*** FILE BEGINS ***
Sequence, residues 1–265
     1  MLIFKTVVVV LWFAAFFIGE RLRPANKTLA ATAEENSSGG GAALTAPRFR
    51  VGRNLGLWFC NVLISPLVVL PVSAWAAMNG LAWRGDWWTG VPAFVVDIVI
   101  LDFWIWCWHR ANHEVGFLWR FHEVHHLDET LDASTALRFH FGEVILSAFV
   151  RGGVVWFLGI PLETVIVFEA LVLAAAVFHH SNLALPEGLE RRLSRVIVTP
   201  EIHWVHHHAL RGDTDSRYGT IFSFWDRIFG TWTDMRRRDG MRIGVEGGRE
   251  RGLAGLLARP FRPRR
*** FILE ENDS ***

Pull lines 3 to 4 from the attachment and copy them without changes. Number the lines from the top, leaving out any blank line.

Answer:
    51  VGRNLGLWFC NVLISPLVVL PVSAWAAMNG LAWRGDWWTG VPAFVVDIVI
   101  LDFWIWCWHR ANHEVGFLWR FHEVHHLDET LDASTALRFH FGEVILSAFV